Tuesday, June 17, 2008

"A Plan of West Springfield, By J. Lathrop, August 1831"

This 1831 map of West Springfield, Massachusetts is credited to J. Lathrop, with Boston firm, Pendleton's Lithogy, responsible for its printing and publishing. This map names names, revealing who lived where in West Side in 1831.

The most intriguing name may be that of the map's creator, J. Lathrop. The Reverend Joseph Lathrop, is said to have written nearly 5,000 sermons over 64 years as West Springfield's minister, the town's third. However, Rev. Lathrop passed in 1820, over a decade before the map's creation. Perhaps we are looking at the handiwork of one of the illustrious minister's descendants. No matter, 'tis a time capsule left for us to open. A present from the past.

"A Plan of West Springfield, By J. Lathrop, August, 1831"

This map and many others can be found in the Library of Congress's (LOC) Map Collections digital archive. Here's the link: http://memory.loc.gov/ammem/gmdhtml/gmdhome.html.

Personally, I find that viewing maps on the LOC web site is a bit limiting as far as ease of maneuverability and that it's also difficult to save large chunks of the images for later offline perusal. The best method I've found so far for getting the most out of these (mostly) public domain maps is to download them - they come in either JPEG2000 or MrSID formats - and use the free program, Irfanview (with plug-ins), to open, resize and convert them to other file formats, such as the JPEG up above. The LOC maps are usually large files, it takes a bit to download them, and one has to be patient with Irfanview as it loads the image.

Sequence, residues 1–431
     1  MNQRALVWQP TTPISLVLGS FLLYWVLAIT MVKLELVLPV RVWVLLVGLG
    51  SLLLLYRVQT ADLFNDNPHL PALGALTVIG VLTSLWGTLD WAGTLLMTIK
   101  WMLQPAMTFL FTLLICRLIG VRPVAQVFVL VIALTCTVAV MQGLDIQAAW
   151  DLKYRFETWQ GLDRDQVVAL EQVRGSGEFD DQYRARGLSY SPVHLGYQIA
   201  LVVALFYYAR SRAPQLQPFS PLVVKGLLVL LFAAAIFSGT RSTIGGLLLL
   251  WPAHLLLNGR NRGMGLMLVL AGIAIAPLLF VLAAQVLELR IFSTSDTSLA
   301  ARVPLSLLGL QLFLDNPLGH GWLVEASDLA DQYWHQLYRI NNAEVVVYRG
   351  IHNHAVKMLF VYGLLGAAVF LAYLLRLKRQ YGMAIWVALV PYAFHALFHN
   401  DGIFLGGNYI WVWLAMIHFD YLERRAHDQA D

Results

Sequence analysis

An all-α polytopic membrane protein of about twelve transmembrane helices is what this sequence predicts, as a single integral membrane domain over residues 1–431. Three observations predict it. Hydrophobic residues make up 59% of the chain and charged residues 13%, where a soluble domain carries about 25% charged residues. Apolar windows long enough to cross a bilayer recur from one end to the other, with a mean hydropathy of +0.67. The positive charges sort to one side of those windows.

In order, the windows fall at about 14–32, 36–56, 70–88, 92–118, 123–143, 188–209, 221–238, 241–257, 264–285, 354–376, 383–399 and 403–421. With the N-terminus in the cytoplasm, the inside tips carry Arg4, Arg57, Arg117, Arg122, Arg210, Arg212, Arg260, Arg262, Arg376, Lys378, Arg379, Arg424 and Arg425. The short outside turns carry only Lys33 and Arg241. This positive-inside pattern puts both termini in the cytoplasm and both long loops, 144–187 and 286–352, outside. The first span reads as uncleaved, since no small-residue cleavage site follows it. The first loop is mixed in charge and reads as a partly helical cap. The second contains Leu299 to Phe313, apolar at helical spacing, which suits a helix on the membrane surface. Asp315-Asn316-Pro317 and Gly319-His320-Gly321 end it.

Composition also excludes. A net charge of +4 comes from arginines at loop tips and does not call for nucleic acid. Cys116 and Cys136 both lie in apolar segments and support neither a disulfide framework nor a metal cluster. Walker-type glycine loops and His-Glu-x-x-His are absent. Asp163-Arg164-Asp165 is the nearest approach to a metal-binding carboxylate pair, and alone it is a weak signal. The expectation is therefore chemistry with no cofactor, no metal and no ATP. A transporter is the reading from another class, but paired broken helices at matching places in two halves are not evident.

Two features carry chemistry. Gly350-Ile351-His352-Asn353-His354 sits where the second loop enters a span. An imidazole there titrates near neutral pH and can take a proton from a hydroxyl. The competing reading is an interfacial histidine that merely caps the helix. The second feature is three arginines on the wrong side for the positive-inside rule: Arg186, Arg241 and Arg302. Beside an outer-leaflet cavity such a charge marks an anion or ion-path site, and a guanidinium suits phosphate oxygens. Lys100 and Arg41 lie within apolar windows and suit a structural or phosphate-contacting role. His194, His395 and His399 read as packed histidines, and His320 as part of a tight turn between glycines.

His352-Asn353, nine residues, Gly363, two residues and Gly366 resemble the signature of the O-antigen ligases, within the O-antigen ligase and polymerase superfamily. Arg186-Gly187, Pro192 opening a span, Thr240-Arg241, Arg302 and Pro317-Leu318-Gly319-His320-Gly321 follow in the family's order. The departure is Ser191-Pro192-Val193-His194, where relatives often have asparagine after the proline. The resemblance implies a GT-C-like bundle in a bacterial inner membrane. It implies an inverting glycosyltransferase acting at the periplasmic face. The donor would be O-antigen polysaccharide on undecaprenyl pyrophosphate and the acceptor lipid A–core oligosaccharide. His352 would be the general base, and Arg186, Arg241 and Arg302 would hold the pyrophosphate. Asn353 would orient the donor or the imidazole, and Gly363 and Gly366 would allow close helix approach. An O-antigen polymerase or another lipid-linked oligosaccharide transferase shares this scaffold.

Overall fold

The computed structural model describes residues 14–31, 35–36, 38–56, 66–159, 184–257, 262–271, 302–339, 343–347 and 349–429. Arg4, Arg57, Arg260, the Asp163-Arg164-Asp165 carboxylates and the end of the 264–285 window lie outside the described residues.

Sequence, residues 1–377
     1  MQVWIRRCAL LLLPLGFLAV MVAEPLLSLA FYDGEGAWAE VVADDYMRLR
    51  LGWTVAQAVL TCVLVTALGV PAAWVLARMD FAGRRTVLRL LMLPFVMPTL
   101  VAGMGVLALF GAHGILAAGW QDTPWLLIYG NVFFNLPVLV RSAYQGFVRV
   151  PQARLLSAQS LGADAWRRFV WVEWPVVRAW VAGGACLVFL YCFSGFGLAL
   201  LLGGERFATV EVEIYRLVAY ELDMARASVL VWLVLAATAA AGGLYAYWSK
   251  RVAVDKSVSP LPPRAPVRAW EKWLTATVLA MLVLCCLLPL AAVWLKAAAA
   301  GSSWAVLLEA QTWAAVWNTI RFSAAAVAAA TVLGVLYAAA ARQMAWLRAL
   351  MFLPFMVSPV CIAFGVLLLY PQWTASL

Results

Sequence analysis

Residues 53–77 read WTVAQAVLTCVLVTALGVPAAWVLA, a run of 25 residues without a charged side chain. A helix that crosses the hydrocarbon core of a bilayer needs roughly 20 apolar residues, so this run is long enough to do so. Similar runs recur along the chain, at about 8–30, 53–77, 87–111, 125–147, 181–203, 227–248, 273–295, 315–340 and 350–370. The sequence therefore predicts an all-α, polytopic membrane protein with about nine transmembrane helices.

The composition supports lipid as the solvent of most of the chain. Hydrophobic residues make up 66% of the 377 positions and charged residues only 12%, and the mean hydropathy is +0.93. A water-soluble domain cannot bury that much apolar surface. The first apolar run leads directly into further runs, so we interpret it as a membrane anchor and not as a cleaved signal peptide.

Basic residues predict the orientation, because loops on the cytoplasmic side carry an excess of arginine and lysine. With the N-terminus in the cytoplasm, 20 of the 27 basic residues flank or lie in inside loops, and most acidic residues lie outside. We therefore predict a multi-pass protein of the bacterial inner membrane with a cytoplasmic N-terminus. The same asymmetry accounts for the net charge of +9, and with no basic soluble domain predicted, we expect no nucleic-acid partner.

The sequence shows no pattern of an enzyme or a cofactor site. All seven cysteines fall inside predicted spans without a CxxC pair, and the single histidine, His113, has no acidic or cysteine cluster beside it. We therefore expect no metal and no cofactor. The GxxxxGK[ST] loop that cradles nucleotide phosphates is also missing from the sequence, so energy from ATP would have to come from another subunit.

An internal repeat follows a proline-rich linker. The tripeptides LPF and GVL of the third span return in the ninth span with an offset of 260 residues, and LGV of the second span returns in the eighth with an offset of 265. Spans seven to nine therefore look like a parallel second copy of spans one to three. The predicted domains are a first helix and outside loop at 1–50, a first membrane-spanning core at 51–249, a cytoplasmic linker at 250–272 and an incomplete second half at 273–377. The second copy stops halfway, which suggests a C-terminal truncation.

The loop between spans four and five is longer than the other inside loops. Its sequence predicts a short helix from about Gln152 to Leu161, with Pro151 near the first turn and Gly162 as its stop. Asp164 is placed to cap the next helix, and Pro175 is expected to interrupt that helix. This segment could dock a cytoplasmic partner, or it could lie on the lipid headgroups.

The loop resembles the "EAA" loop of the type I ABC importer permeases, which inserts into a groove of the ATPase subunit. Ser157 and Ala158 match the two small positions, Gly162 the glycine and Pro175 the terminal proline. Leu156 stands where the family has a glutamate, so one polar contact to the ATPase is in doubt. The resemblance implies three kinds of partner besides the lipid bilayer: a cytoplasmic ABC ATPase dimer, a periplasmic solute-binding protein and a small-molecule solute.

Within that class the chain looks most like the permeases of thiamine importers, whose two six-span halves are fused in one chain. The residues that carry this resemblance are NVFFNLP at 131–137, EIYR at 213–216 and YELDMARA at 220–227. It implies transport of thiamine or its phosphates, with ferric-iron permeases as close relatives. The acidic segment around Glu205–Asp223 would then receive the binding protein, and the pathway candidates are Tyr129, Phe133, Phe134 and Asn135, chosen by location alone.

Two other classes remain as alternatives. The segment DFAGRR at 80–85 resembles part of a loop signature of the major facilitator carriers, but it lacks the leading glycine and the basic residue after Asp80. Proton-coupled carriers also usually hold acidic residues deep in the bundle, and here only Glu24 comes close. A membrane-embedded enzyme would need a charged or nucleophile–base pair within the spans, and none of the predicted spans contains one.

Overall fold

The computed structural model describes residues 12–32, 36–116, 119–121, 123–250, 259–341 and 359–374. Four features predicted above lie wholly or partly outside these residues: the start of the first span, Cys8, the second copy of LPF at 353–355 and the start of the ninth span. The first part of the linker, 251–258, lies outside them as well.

As always, thanks for stopping by and take care.

Map source: Library of Congress, Geography and Map Division, Digital ID: http://hdl.loc.gov/loc.gmd/g3764w.la002013

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Anonymous said...

thanks for posting the map.

The map was created by John Lathrop,
the grandson of Rev. Lathrop.
He was the Third generation of the family.

I'll be pleased to respond to specifc questions about the map, the alignment of roads with ancient Indian trails, the relationship of boundries to the Third divison grants.
So many items to comment on,
a common reference point for us is the 'Braodway' which was not developed into the wonderful tree lined common until 1866 by Parsons.

The large body of water just south of broadway may be of some interest to westsiders.

That body of water was an ancient pond fed by a markedly Cold Spring that was filled in by the B & A around 1894. It no longer exists, nor does the marshy stream that leads to it.

Mark T. Alamed said...

Thank you for the Lathrop clarification and your generous offer of information!